November 30, 2017

Inside one Nebraska clinic's transition to a patient-centered medical home

Daily Briefing

    To improve patients' primary care, Midwest Regional Health Services in Nebraska adopted a patient-centered medical home model—and the results were so impressive the organization created a consulting branch to help other independent practices transition to the model.  

    Are patient-centered medical homes living up to the hype?

    Clinic details

    The clinic, which has two locations in Nebraska, is part of the Nebraska Health Network, which includes roughly 1,500 doctors within Nebraska Medicine, Methodist Health System, and Fremont Health.  

    According to the Omaha World-Herald, Midwest Regional became the first clinic in the state to receive the highest level of certification from the National Committee on Quality Assurance in 2010. The clinic takes a team-based approach to improve care coordination, patient engagement, access to care, and disease prevention.  

    The clinic offers patients typical primary care services—such as immunizations, mammograms, and skin cancer checks—plus unconventional perks, like manicures on the clinic's popular "ladies' day," the World-Herald reports. Midwest Regional also hosts special days for diabetic patients to undergo preventive care, including annual diabetic eye and foot checks, and to develop personalized treatment plans. Similarly, the clinic runs healthy living groups centered on diet and exercise. The clinic's first group of 13 patients lost 66 pounds over the course of 12 weeks.

    Shelley Henderson, Midwest Regional's business manager, said the clinic relies on the broad range of skills among the clinic's staff—making full use of their licenses and calling on them to share their ideas and talent. For instance, the clinic has trained all its staff on how to care for certain diseases, such as diabetes, based on Midwest Regional's standardized care plan. In particular, under the clinic's standardized care plans for diabetic patients, staff must ask such patients who are not achieving health-related goals to come back to the clinic every four to six weeks until they meet those goals.

    Patients are not the only ones held accountable for quality goals, the World-Herald reports. Midwest Regional also posts physicians' quality measure scores on the waiting room wall, which has led to conversation about best practices and better accountability.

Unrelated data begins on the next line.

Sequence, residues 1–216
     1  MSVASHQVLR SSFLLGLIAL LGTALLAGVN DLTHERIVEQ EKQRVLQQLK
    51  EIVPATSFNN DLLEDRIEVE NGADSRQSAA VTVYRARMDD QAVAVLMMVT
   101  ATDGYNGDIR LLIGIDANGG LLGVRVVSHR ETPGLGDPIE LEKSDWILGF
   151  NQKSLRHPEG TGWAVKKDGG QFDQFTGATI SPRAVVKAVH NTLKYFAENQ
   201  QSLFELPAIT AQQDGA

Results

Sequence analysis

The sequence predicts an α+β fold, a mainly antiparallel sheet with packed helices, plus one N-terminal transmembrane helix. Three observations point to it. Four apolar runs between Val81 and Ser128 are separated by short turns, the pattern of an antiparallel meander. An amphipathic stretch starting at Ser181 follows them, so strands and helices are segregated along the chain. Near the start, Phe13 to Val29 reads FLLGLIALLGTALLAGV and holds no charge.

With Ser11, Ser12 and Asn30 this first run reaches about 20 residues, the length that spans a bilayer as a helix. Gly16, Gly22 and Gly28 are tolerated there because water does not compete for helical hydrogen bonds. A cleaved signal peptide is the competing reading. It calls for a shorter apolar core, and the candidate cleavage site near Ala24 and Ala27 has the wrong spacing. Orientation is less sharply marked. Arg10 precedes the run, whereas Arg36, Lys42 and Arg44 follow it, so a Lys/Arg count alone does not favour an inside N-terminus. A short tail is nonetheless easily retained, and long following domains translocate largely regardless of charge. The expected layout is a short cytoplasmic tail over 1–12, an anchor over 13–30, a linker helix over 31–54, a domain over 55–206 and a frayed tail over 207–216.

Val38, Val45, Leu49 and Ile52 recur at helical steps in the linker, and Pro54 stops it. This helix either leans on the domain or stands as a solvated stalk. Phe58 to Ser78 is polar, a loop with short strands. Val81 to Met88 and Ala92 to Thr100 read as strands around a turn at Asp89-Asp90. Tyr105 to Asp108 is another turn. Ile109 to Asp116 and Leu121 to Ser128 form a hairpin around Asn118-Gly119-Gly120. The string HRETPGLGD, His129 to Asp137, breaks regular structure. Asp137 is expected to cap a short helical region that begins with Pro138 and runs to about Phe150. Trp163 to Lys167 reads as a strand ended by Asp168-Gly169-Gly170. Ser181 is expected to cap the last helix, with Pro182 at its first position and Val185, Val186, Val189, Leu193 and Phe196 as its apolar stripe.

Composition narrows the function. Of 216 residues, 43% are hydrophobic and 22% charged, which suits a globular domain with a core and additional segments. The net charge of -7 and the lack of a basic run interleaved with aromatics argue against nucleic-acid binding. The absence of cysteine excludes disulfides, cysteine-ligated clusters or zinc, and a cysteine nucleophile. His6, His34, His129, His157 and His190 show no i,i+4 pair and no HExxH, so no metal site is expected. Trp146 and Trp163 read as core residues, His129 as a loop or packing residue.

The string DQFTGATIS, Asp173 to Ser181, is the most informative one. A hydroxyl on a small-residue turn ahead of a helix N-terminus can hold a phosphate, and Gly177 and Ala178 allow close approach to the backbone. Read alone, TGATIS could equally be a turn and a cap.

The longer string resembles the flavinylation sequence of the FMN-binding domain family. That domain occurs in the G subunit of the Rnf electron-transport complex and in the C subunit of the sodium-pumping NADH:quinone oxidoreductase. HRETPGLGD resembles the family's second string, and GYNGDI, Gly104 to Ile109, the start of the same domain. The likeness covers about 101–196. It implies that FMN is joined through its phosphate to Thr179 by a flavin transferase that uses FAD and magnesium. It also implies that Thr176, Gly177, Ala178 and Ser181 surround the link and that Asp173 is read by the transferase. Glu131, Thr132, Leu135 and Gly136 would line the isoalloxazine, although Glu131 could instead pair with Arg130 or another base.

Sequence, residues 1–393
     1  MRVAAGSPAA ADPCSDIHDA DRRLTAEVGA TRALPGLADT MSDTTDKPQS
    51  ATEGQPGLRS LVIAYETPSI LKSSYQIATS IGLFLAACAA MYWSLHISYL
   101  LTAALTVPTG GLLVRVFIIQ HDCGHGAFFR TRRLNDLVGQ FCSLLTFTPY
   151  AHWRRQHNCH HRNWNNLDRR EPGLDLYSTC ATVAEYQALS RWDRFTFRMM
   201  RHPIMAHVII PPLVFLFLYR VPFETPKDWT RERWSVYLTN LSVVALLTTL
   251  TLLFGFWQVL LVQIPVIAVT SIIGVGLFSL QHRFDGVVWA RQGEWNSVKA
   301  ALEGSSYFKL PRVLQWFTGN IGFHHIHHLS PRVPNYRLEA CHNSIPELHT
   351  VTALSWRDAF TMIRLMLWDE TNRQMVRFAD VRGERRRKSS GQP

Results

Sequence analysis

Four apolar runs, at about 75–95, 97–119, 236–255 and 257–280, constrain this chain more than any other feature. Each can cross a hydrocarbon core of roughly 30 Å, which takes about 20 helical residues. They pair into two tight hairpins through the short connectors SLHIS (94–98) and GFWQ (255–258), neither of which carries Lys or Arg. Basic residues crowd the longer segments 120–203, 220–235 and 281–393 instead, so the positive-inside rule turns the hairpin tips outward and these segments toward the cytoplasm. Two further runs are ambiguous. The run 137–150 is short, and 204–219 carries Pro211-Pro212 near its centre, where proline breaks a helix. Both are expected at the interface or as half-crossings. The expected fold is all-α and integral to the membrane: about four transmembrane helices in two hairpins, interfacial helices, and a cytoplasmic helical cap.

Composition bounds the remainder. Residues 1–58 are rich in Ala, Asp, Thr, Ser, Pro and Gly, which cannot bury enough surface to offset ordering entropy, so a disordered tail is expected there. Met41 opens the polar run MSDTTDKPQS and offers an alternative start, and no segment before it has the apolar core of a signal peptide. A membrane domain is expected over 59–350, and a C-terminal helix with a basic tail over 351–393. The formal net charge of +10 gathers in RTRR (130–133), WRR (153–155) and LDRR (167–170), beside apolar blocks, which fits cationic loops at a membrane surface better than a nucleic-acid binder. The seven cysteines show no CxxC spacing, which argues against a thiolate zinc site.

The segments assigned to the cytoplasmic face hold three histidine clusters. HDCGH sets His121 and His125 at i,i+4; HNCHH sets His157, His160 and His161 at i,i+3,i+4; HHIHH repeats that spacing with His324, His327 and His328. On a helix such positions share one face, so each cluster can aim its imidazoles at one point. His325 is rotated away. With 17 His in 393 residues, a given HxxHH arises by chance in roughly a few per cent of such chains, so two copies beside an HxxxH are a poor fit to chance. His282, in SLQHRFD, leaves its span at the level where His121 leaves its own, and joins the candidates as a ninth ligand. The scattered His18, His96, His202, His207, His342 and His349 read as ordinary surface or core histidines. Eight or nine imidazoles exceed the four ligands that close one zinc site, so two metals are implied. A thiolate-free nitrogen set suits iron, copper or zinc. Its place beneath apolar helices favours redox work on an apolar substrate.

Donald Darst, the president of Midwest Regional Health Services, said, "If we're asking patients to be accountable to us for their lives, then we need to be accountable to them for their results."

    Clinic sees positive results

    Darst said the health of patients has improved since adopting the medical home model.

    For instance, under the model, Midwest Regional reported today:

    • 86% of patients receive colonoscopies on time, compared with 46% in 2010;
    • 62% of diabetic patients receive an annual eye exam to check for early retina damage, compared with 34% in 2010;
    • 60% of diabetic patients have their blood sugar under control, compared with 43% in 2010; and
    • 40% of patients receive mammograms on time, compared with 20% in 2010.

    And the clinic aims to share these improvements with others. Lee Handke, CEO of the Nebraska Health Network, said Midwest Regional has started a consulting arm, called Celtic Healthcare Solutions, to help other independent practices implement the model—which Darst said is "about taking care of the patients and helping them take care of themselves" (Anderson, Omaha World-Herald, 11/27).

    Next, get our Medical Neighborhood Primer

    It's always good to do a gut-check and make sure that what you're working on—and spending your money on—is working running the way you want. But if your PCMH is seeing the positive outcomes outlined above, what is the next step? Check out our Medical Neighborhood Primer to find out.

    Get the Primer

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